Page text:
I also think that the Open Banking initiatives will have an impact on the public Cloud industry. While big tech companies such as Amazon, Google, Facebook and others look to exploit Open APIs to position themselves as financial service intermediaries, there may be resistance to their Public Cloud infrastructures being used to host services owned by the underlying banking institutions. Firstly, the public and regulatory bodies may expect to see clear separation between financial service intermediaries and the provider banks in order to allay any concerns of misuse of customer data. Secondly, the Big Tech companies themselves may come to be regarded as “too-big-to-fail” organisations representing a structural vulnerability in the economy’s infrastructure. Therefore, Open Banking may provide some push to enhance competition in Public Cloud provision.

Is security a concern?

The realisation is growing that security in Public Clouds is in many cases superior to the existing security arrangements in private datacentres, therefore migration to Cloud can be an opportunity to enhance (even re-mediate) current security. The key is that careful design is still required with Cloud computing; and security must be, as it always was, a prime requirement in design and not an afterthought.

Cloud Cyber Security

Is there a preference between: Hybrid Cloud, Multi-Cloud or Cloud-to-the-Edge strategies? Or do each have their merits?

In short, they each have their merits. A Private on-premises Cloud instantly becomes a Hybrid Cloud as soon as an organisation deploys anything in a Public Cloud. Due to virtualisation and the emergence of converged infrastructure technologies, Private on-premises Clouds are not at all unusual; the management and deployment techniques for Cloud are therefore already well established in some organisation prior to their making any move towards Public Cloud deployments.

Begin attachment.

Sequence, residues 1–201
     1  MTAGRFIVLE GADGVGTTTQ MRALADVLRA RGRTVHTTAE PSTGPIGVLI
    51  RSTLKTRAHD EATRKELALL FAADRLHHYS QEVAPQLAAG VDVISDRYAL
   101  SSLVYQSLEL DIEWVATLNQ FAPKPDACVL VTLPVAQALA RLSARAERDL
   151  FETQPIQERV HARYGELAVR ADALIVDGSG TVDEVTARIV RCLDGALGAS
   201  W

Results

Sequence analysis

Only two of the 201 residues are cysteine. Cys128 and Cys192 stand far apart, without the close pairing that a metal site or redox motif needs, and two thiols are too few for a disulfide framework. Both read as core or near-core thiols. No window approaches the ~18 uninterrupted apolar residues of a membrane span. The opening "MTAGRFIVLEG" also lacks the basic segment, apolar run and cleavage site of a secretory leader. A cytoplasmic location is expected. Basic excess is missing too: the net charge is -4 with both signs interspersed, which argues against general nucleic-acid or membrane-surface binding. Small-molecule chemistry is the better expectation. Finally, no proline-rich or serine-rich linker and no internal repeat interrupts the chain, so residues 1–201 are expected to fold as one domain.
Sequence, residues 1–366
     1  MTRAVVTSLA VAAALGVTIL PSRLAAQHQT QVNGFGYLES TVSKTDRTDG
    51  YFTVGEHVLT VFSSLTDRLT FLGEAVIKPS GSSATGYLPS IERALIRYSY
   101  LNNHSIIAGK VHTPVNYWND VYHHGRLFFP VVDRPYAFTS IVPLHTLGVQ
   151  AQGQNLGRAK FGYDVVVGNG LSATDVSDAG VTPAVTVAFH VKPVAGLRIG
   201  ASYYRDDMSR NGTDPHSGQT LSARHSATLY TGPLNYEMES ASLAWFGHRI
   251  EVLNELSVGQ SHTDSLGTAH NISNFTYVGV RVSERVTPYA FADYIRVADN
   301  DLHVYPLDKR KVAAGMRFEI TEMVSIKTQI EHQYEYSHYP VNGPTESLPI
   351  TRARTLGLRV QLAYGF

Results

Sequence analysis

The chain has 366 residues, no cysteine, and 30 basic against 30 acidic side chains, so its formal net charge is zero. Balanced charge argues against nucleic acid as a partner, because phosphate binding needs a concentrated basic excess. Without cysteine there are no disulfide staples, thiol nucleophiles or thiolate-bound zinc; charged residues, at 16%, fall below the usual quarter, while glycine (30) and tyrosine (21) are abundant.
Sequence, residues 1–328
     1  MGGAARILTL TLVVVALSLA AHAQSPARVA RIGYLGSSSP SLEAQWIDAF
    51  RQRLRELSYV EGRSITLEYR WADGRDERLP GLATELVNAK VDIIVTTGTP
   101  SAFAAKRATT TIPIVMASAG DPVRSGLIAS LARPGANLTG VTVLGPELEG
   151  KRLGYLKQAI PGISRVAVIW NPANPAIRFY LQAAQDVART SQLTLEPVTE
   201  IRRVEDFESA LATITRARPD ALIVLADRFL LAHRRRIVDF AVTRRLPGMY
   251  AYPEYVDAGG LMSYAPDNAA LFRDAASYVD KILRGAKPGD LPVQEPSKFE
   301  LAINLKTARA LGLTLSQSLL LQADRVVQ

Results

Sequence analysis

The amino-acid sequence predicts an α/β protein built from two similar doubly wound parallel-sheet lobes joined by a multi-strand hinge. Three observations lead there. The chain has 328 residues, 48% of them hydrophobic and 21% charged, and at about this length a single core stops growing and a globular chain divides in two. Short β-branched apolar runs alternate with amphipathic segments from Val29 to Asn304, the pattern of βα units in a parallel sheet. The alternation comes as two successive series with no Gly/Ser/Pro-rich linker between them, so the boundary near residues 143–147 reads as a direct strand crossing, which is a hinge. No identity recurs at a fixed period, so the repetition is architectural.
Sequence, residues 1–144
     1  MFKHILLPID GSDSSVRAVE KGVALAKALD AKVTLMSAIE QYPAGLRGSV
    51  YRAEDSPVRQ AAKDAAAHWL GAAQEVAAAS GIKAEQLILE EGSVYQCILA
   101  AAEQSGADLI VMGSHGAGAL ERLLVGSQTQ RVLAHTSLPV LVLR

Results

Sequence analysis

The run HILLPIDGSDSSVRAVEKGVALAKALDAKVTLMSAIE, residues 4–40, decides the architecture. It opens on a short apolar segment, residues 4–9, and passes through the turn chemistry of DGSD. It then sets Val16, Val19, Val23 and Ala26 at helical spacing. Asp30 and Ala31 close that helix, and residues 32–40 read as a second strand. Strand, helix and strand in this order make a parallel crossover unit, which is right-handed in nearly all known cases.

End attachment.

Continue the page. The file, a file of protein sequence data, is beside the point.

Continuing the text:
The arrival of technologies that allow seamless management across Private and Public Clouds strengthens this – Microsoft Azure Stack is one example.

Multi-Cloud is an increasingly valid strategy for several reasons – to provide a further level of Disaster Recovery (e.g. using a second Cloud provider as back-up for the primary provider) and as a means of producing best cost efficiencies. For example, which Cloud provider or Cloud region is providing the best price on this day? Technologies such as Cloud Foundry are now capable of automating the provisioning of the same Cloud setup in different Cloud services, therefore effectively acting as a broker for Cloud services, giving the consumer the best options for cost and availability at any given time.